What’s it like to live in a time warp, needing more time than other people to process what’s being said, what it might mean, and therefore how you should feel in response? Sarah Nannery knows the score, given her struggles with Autism Spectrum Disorder (ASD). Meanwhile, as a “neurotypical brain” person, her husband, Larry Nannery, adds his perspective about helping Sarah navigate situations ranging from office politics to social outings. Highlights of this episode include what internalization means to Sarah as she copes with feeling “bottled up inside,” and how she makes a “conversational sandwich” to handle the small talk that others can handle so readily.
From Thom Hartmann’s perspective, the battle over whether America should provide universal healthcare has been warped first by racism, then by greed. From the 1880’s to the 1980’s the idea of universal American healthcare was often opposed because it would aid African-Americans, too. Then from the Reagan Revolution to today, greed explains the delay in adopting universal healthcare because the current system favors industry insiders. Meanwhile, the average American pays more for less than is true elsewhere in the so-called Developed World. Get ready for plenty of surprises in this episode, like how the debate about healthcare got launched by three Germans: Karl Marx, Otto von Bismarck, and a person named Frederick Ludwig Hoffman. Never heard of the third guy? Well, at a time when Prudential was the biggest insurer in America, Hoffman became the company’s leading advocate for denying healthcare on racist grounds, thereby blunting the momentum to adopt universal healthcare that the German leader Bismarck had decided was a way to counter the appeal of Marxism.
The correct answer to this week’s quiz is $1 billion, almost the entire budget for the EPA (which has been cut in half by Congress in recent years). Also, perhaps worth knowing, companies that caused the problem often avoid paying the clean-up costs: most often because offenders can’t be identified, no longer exist, or claim they can’t afford to contribute.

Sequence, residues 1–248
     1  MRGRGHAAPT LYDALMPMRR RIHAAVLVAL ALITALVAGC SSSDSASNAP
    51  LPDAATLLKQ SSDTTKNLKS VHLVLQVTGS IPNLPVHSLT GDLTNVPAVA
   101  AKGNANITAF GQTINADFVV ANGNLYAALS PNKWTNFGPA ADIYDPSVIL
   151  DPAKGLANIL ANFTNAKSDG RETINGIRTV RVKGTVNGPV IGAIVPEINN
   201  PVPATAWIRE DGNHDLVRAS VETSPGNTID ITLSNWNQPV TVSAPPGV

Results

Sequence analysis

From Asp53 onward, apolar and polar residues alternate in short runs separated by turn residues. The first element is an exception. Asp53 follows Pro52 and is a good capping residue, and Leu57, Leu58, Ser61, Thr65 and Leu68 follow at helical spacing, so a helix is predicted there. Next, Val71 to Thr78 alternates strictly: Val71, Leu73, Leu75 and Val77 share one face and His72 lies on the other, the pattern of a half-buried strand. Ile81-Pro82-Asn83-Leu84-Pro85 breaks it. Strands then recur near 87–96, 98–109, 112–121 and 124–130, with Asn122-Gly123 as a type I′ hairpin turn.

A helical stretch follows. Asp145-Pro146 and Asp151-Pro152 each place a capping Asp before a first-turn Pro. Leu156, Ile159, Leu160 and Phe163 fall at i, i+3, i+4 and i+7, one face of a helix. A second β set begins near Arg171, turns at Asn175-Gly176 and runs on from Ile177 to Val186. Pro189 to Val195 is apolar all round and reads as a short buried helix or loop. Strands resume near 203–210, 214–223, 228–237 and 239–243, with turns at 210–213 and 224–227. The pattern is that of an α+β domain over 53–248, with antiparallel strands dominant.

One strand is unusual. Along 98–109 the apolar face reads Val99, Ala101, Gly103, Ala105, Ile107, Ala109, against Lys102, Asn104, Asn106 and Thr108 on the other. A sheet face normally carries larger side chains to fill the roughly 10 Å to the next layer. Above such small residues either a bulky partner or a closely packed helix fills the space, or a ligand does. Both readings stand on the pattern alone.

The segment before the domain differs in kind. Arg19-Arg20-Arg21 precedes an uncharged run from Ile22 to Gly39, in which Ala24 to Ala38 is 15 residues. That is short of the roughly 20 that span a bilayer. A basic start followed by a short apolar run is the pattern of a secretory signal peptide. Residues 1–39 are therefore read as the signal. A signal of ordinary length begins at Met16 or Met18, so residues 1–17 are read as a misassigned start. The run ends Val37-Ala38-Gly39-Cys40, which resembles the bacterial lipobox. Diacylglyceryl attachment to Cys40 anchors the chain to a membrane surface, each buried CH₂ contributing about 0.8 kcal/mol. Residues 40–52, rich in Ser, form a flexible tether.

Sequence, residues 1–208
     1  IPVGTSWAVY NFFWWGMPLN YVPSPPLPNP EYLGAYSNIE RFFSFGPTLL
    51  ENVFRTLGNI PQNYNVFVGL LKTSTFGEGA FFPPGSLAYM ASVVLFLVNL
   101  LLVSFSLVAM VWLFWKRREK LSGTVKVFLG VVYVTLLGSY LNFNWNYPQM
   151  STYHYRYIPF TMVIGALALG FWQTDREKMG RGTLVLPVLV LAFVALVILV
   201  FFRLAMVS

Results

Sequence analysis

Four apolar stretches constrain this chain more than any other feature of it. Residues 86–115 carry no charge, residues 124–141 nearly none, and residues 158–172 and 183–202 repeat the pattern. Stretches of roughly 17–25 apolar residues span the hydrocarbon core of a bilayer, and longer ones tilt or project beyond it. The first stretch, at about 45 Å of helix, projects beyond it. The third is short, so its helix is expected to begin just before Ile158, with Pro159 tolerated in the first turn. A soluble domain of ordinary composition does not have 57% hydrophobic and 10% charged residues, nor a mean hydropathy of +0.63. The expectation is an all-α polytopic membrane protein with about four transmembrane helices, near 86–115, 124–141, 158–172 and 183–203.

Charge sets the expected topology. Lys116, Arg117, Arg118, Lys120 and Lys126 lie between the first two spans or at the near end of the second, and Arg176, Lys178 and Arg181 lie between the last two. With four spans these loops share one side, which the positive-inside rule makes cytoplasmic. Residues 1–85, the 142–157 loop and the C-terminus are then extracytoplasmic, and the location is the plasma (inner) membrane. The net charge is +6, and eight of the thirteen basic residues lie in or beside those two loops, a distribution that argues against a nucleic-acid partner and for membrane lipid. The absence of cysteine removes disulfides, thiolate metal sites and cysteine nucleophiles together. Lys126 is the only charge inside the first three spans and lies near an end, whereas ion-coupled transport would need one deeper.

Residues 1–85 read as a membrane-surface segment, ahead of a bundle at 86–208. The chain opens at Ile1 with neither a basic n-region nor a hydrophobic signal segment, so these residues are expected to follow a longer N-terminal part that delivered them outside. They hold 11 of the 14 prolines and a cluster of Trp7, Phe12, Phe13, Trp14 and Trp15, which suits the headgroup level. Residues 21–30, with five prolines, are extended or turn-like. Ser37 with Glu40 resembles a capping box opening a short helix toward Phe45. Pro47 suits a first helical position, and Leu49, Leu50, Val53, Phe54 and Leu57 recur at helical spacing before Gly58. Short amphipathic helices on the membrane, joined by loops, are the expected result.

How do toxic waste sites compare to offices? Well, with over 25% of all bosses qualifying as bullies, and burn-out rates in various occupations running in the range of 50% or more, hazards abound. People’s lives feel contaminated by undue and/or uncompensated stress. Who’s to pay up? Just like taxpayers shouldn’t have to compensate for the ill-gotten gains of companies polluting our environment and using citizen’s taxes to finance Superfund clean-ups, why should stressed-out employees be left holding the bag? When will Vice Presidents, Directors and Managers have their pay and career advancements influenced by metrics such as the employee retention rate in their departments along with other metrics like the absenteeism rate vs. the company average, and an accounting of the degree to which the mental health needs of employees reach a chronic level?
Paula Davis JD, MAPP is the founder and CEO of the Stress & Resilience Institute, a training and consulting firm. She’s been featured in The New York Times, O (The Oprah Magazine), and The Washington Post; and she’s also a contributor to Forbes, Fast Company and Psychology Today.